It was supposed to be the summer Canada’s top basketball talent finally stepped up to the plate, when the toughest task for the team’s staff would have been selecting a squad from the deepest talent pool in history.
That task might have meant cutting an NBA player. It would have been a good problem to have.
But as the Canadian men’s team tipped off its pre-FIBA World Cup training camp on Monday morning, the talk — again — was more about who wasn’t there than who was.
Along with Andrew Wiggins of the Minnesota Timberwolves, who was already ruled out, several other prominent Canadian players won’t play for Canada, including Denver guard Jamal Murray, New York Knicks rookie RJ Barrett, Cleveland’s Tristan Thompson, Dwight Powell of the Dallas Mavericks, Shai Gilgeous-Alexander of Oklahoma City and Nickeil Alexander-Walker of the New Orleans Pelicans.
“Obviously, we would love to have every single person here and put the best roster we could, but sometimes the group of guys you put out there, you need the sum of the whole to be greater than its parts,” said Miami Heat centre Kelly Olynyk. “Anybody who wanted to come, we’d gladly have them but we’ve gotta rock with who’s here.”
Barrett pulled out with a calf strain, while Murray said he injured his ankle a couple of days ago. Both are at camp but won’t travel with the team. Memphis Grizzlies swingman Dillon Brooks, whose NBA season was cut short by a foot injury, was also at camp Monday but not participating.
Olynyk and Sacramento guard Cory Joseph have become mainstays of the national program. The 27-year-old Joseph has given up a good chunk of every summer since he was 15 to pull on the Canadian jersey.
“Just the guys, the guys that I grew up with who are from the same places I’m from, who can relate to how I grew up, I think those memories and stories that we build on the road makes it fun playing basketball with all of them,” Joseph said.
Olynyk and Joseph headline a 19-player roster that includes NBAers Khem Birch (Orlando Magic), Chris Boucher (Toronto Raptors) and Oshae Brissett (Raptors). Canada’s original camp invitation included 29 players.
The Canadians will host Nigeria in exhibition games on Wednesday in Toronto and Friday in Winnipeg before flying to Australia for a series of friendlies.
Expectations for this team were sky-high heading into arguably the program’s most important summer in history. The Canadian men’s team, which hasn’t made an Olympic appearance since 2000, can clinch a berth in the 2020 Tokyo Games with a top-seven finish at the World Cup. Failing that, they face playing a last-chance tournament next summer that would require another big commitment from players with no Olympic guarantee.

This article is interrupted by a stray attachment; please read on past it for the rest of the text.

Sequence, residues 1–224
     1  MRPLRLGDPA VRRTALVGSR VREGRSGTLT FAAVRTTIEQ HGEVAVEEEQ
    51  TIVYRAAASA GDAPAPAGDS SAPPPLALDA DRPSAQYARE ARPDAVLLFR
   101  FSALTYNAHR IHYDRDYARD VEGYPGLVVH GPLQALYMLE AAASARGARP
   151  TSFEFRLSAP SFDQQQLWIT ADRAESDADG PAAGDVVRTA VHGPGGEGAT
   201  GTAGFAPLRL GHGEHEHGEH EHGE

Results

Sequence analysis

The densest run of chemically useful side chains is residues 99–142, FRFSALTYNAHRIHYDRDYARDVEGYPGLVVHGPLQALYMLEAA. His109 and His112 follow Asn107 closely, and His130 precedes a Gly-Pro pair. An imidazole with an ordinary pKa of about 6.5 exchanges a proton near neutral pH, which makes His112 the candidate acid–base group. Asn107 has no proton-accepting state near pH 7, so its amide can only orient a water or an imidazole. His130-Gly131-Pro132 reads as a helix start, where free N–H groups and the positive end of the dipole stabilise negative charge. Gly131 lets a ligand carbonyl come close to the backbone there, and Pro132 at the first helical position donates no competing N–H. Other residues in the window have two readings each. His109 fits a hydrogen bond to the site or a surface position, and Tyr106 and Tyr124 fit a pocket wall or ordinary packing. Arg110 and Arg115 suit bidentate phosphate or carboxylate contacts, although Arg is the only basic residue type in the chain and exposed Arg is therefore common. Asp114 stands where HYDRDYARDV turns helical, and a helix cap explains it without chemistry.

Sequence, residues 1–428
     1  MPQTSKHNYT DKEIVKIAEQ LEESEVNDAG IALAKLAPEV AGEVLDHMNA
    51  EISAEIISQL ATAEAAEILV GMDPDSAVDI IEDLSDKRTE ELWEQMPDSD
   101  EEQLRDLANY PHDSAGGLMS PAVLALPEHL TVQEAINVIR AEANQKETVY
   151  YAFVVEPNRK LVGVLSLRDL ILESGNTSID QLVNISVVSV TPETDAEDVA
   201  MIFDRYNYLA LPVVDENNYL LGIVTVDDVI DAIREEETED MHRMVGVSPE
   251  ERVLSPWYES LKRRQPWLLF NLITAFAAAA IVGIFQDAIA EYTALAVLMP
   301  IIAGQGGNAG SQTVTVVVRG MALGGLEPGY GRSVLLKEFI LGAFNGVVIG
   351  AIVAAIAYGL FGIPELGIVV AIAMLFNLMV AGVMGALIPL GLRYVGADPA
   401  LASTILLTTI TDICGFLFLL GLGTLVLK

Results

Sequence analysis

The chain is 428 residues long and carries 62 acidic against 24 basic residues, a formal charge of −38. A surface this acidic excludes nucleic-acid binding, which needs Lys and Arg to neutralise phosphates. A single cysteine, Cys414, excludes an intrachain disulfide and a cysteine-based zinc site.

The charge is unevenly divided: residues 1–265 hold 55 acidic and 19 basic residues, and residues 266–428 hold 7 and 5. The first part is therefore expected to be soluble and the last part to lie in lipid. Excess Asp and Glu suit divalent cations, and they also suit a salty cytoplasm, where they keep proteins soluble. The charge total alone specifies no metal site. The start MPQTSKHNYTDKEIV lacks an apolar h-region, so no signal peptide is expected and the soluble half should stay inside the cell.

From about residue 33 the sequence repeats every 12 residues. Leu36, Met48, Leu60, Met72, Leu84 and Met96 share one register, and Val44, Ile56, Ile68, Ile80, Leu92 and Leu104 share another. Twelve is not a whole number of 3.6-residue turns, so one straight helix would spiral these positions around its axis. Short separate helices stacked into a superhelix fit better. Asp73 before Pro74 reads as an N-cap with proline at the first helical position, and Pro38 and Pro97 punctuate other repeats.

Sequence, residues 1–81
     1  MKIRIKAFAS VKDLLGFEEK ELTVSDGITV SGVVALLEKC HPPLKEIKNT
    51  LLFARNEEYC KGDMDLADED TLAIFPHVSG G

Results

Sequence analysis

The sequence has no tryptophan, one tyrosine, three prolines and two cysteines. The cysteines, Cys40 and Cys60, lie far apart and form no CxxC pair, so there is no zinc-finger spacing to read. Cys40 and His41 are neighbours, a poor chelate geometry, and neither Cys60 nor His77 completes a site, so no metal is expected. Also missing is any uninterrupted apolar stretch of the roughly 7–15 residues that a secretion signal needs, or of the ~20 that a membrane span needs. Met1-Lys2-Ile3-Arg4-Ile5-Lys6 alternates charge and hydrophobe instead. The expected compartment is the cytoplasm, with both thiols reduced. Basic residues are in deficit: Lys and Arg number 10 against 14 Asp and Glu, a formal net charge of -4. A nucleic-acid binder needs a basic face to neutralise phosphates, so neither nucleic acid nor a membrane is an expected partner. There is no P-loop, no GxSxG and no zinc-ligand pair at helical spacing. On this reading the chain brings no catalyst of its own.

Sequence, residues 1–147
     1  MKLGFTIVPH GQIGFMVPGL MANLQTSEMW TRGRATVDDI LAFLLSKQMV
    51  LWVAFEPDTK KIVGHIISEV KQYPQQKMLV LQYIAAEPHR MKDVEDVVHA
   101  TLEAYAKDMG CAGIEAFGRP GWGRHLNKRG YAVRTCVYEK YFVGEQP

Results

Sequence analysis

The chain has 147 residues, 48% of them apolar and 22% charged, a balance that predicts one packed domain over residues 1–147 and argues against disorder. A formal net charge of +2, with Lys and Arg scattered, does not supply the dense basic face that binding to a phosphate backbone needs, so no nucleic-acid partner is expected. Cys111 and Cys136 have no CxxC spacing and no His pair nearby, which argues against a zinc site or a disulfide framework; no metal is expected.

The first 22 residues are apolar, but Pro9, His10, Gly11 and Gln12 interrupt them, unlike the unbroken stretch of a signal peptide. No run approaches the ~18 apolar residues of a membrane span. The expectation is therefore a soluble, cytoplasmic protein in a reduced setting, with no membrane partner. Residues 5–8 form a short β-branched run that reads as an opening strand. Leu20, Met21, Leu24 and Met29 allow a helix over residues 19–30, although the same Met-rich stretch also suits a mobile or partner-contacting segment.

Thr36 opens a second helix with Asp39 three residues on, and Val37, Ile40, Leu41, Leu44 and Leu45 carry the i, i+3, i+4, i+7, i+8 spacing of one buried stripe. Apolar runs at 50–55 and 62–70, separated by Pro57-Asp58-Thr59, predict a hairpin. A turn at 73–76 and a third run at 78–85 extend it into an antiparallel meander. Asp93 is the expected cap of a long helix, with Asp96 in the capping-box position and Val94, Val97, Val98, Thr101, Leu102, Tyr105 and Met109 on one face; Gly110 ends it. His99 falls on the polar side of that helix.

Monday also marked Day 1 for Nick Nurse, who takes over as head coach of Canada’s national team just weeks after leading the Raptors to their first NBA title.
Asked about key absentees, Nurse said: “My thoughts are I’m super proud of the guys that are here and super excited to coach them.
“You can’t force anybody to play. It’s a unique situation, everybody understands the uniqueness of it. I’m exhilarated to have this opportunity and coach these guys and judging by the first practice, it’s a helluva group of guys so I’m excited.”
No. 23-ranked Canada is in a tough Group H at the World Cup that includes No. 6 Lithuania, 11th-ranked Australia and 37th-ranked Senegal. The Canadians tip off the World Cup in China on Sept. 1 versus Australia.
Rowan Barrett, the team’s general manager, said getting all of Canada’s players to commit was always going to be a tough task.
“I think you can see all across the world that this was a challenging thing. We managed the best that we could. We’re consistent in our approach, which is we need to build a big and strong pool, understanding that each summer we’re going to miss players,” he said. “Sometimes, it’s injuries. Sometimes, it’s something in their life. It could be a trade. It could be a contract. Something can come up.
“Our focus is on who is here. We have players who just got married (Thomas Scrubb was married on Saturday) who are here. No honeymoon or the honeymoon is going to be in Australia with a 10-foot rim, a ball and a bunch of his brothers. We’re going to focus on that.”
Canada used a revolving door of three dozen players in a convoluted World Cup qualifying process stretched over almost two years. Canada Basketball estimated the players covered 2.3 million kilometres combined in travel. The Canadians clinched a World Cup berth in December with a thrilling win over host Brazil.
The buzz since then had been about who would play for Canada, which saw more success on the NBA stage this past season than ever before. That lofty balloon seemed to lose some of its air on Monday.
Murray, however, believes this Canadian team will still get the job done in China.
“I have a lot of faith in my young guys. That’s why they’re here, the reason they’re here, to prove themselves, go out and show the world — not just this city, not just this country, the world — what they can do,” Murray said. “It was a big plan for me to come here and help them, lead them, show the world what we can do next year in the Olympics.
“I have a lot of faith in these guys. I have no doubt they’re going to go out there and make Canada proud.”